For immunostaining, human fetal tissue sections were routinely deparaffinized and hydrated, and endogenous peroxidase activity was blocked with 3% hydrogen peroxide in methanol for 15 minutes. Antigen retrieval was carried out by microwaving tissue sections at full power for 30 minutes in Antigen Unmasking Solution (catalogue number H-3300, Vector Laboratories, Inc., Burlingame, CA). Tissue sections were incubated for 1 hour at room temperature with primary antibodies to pSmad1/5/8 (catalogue number 9511, Cell Signaling, Danvers, MA) or pJun (catalogue number 9164, Cell Signaling Technology, Danvers, MA) diluted at 1∶100 in 1% normal goat serum (Gibco), then rinsed in Phosphate Buffer Saline, and incubated for 1 hour at room temperature with biotinylated goat anti-rabbit secondary antibodies (Vector Laboratories, Inc., Burlingame, CA). Sections were then rinsed, incubated with streptavidin-conjugated horseradish peroxidase (Invitrogen, Carlsbad, CA), and developed in a solution containing 3,3′-diaminobenzidine and H2O2 using the Peroxidase Substrate Kit (DAB, catalogue number SK-4100, Vector Laboratories, Inc., Burlingame, CA). Sections were then mounted, and imaged under bright light using Axiovision 2 scope equipped with a digital camera (Carl Zeiss MicroImaging, Thornwood, NY).
Immunofluorescent analysis on murine paraffin-embeded tissue sections was performed as described previously . Primary antibodies for pHH3 (catalogue number 6570, Upstate Biotechnology, Billerica, MA) were used at 1∶100 dilutions, followed by Alexa Fluor secondary antibodies. Primary antibodies for K14 (catalogue number PRB-155P, Covance, Princeton, NJ), pSmad1/5/8 (catalogue number 9511, Cell Signaling, Danvers, MA) and pJun (catalogue number 9164, Cell Signaling Technology, Danvers, MA) were used at 1∶100 dilution with Tyromide Signal Amplification (TSA) Kit # 23 (Invitrogen, Carlsbad, CA) as described previously . Fluorescent imaging was performed using Zeiss Axioplan3.1 fluorescent microscope at the Urology Research Laboratories, and the LSW 510 and LSW 710 confocal scopes at the New York University School of Medicine Microscopy Core.
Western Blot analysis
Cloacal/genital regions were dissected from E12.5 embryos, and Western Blot analysis was performed by standard protocols as described previously . Antibodies specific for pJun (Cell Signaling Technology) and pJNK (catalogue number 4668, Cell Signaling Technology, Danvers, MA) were used at 1∶300 dilution, and ß-actin (catalogue number A2228, Sigma, St. Louis, MO) at 1∶2500 dilution. Experiments were repeated three times.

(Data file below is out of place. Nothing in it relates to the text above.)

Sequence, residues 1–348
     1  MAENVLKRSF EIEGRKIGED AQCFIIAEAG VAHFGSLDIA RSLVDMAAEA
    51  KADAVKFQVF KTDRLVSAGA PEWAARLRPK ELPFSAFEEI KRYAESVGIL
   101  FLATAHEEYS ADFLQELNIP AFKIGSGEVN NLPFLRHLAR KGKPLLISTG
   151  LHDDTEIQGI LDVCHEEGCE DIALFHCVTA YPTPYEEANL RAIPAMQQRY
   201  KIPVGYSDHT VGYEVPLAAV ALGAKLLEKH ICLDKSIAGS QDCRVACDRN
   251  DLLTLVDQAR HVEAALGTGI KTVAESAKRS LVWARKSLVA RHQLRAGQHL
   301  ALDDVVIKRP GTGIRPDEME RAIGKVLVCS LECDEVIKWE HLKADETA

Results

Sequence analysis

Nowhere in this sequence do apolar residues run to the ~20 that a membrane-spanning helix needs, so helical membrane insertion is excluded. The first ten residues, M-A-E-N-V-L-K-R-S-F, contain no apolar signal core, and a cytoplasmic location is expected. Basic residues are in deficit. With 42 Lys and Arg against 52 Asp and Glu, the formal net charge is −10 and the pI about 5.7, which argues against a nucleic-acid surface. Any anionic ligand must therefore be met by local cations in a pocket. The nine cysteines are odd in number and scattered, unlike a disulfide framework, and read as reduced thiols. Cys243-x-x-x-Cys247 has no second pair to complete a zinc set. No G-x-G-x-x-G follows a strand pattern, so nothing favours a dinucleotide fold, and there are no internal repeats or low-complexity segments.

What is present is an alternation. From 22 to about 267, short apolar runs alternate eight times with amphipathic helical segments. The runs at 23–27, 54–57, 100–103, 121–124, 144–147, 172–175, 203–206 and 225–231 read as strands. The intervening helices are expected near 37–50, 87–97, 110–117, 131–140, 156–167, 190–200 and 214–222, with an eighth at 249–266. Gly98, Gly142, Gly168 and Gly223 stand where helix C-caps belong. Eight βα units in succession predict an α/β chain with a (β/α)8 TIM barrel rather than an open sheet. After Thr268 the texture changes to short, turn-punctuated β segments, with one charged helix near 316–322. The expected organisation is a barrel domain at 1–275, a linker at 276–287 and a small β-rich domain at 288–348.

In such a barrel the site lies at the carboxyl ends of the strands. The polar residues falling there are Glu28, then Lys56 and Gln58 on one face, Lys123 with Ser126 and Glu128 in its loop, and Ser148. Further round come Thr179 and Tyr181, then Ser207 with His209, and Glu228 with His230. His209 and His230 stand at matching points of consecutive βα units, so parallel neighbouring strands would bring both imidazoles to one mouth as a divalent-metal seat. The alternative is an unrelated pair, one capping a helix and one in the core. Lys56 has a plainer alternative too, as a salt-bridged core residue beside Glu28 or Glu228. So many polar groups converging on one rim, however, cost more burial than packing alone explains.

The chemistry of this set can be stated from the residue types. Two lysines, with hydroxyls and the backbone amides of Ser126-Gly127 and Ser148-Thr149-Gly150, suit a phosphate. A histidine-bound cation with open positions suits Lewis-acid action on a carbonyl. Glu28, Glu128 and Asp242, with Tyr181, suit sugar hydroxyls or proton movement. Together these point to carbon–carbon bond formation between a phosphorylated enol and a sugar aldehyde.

Programmed cell death
Programmed cell death was analyzed on paraffin tissue sections by terminal deoxynucleotidyl transferase dUTP nick end labeling reaction (TUNEL) assay using the Programmed Cell Death Kit and following the manufacturer's instructions (Roche Applied Science, Indianapolis, IN) as we described previously .
Quantitation and statistics
For each experiment, five mutant and control embryos were analyzed for each embryonic stage. To achieve statistical significance of the collected data, counting of cells positive for particular signal was carried out on 20 sections, 4 each from 5 embryos of each genotype. Imaging was performed using Axiovision 2 fluorescent scope and software (Carl Zeiss MicroImaging, Thornwood, NY), or LSM 510 and LSM 710 confocal scopes and Volocity 5.3.1 Software (Perkin Elmer, Waltham, MA). Calculations of the percentage ratios were carried out in comparison to the total cell number in the counted compartments identified by 4′,6-diamidino-2-phenylindole (DAPI) staining of the nuclei. Calculations of the average cell densities positive for particular signal was carried out in five 106 µm2 quadrants on 20 sections, 4 each from 5 animals of each genotype as we described , . Statistical significance of the differences in each set of experiments was determined by Student's t-test. P<0.05 was considered significant.
Analysis of the distribution of mitotic angles
To determine the distribution of mitotic angles in wild type and Bmp7 null cloacal endoderm, we immunolabeled for pHH3 and imaged using the LSW 710 confocal microscope at the NYUSM Microscopy Core. Mitotic divisions were analyzed on 20 cloacal sections, 4 each from 5 embryos of each genotype, and distributions of mitotic angles were calculated for 175 wild type nuclei and 168 Bmp7 null nuclei. Mitotic angles were defined as the direction perpendicular to the separation of the mitotic chromosome bundles. Apical-basal direction was defined at 90 degree angle. Mitotic angles were measured on confocal z-sections at 63× resolution using Volocity 5.3.1 3D Imaging software (Improvision Inc., Waltham, MA). Statistical significance of the differences between the angles distribution in wild type and mutant tissues were determined by two-sample Kolmogorov-Smirnov (KS) test , .
Formation of cloacal septum. Polarity of cell divisions in E12.5 wild type and Bmp7 null the cloacal endoderm. Confocal imaging, angle measurements and analysis are done as in Fig. 6 and described in Materials and Methods. (A) Distributions of mitotic angles in wild type (red bars) and Bmp7 null (blue bars) cloacal endoderm. At E12.5 73+/−2% of the wild type cell divisions fell in the 60 to 90 degree range (red bars). In Bmp7 null cloacal endoderm, orientation of cell divisions are randomized (blue bars). KS test: nwt = 170, nmut = 159, P<0.0018. (B–B″ and C–C″) Transverse cloacal sections of wild-type (B–B″) and Bmp7 null (C–C″) embryos labeled for pHH3. Scale bars, 100 µm. (C, D) Images of individual wild type (D) and Bmp7 null (E) mitotic nuclear pairs. Nuclei are numbered from upper left corner and clockwise in B–C″. White vectors indicate radial direction. Red vectors in (D) and blue vectors in (E) indicate the value of mitotic angle.
Conceived and designed the experiments: IG ES. Performed the experiments: KX XW YD HH. Analyzed the data: LZ. Contributed reagents/materials/analysis tools: HL PL. Wrote the paper: IG. PhD co-advisor to KX: JL. Proofread and edited the manuscript: DH.